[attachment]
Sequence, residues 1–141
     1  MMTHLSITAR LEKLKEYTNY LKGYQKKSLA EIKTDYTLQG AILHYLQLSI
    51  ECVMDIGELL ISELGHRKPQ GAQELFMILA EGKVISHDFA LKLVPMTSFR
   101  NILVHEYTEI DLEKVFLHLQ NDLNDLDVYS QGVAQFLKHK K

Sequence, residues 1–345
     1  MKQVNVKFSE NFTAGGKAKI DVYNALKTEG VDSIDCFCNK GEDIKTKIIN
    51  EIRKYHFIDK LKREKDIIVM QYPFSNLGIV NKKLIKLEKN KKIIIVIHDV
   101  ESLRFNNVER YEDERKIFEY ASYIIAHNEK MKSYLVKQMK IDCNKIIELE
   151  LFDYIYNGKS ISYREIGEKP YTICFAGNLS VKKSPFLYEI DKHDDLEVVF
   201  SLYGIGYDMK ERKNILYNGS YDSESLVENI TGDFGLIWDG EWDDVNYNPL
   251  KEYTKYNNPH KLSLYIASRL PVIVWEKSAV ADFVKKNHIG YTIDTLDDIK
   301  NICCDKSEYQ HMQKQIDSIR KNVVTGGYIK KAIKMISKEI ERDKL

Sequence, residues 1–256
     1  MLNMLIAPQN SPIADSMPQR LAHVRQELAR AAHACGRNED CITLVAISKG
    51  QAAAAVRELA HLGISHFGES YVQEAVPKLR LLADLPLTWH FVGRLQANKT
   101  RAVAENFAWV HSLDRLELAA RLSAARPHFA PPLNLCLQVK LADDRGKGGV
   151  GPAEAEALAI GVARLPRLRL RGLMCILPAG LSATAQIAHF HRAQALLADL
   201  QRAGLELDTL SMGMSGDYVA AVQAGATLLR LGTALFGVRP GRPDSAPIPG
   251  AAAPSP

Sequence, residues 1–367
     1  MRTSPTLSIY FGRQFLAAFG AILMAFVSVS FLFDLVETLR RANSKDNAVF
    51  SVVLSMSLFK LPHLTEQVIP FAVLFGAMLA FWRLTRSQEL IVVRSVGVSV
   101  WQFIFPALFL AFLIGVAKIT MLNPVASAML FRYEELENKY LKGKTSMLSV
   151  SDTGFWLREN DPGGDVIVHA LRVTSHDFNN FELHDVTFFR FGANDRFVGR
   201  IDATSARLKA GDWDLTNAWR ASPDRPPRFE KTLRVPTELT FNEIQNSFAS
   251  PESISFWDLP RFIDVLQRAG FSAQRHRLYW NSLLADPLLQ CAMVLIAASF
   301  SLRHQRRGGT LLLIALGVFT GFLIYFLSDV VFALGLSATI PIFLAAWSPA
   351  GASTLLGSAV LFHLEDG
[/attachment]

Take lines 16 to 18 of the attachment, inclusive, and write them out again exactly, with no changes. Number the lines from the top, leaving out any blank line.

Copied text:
   101  RAVAENFAWV HSLDRLELAA RLSAARPHFA PPLNLCLQVK LADDRGKGGV
   151  GPAEAEALAI GVARLPRLRL RGLMCILPAG LSATAQIAHF HRAQALLADL
   201  QRAGLELDTL SMGMSGDYVA AVQAGATLLR LGTALFGVRP GRPDSAPIPG